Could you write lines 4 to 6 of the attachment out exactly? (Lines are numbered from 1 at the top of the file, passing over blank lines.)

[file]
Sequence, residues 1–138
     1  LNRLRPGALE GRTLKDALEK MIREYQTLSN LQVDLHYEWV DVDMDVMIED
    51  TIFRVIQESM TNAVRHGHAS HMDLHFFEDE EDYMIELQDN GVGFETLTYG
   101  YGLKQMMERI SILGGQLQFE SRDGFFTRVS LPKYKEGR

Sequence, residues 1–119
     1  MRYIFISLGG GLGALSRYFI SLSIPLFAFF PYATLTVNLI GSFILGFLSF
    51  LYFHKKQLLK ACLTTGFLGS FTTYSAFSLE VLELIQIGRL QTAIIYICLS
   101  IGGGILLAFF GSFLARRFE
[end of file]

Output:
   101  YGLKQMMERI SILGGQLQFE SRDGFFTRVS LPKYKEGR

Sequence, residues 1–119
     1  MRYIFISLGG GLGALSRYFI SLSIPLFAFF PYATLTVNLI GSFILGFLSF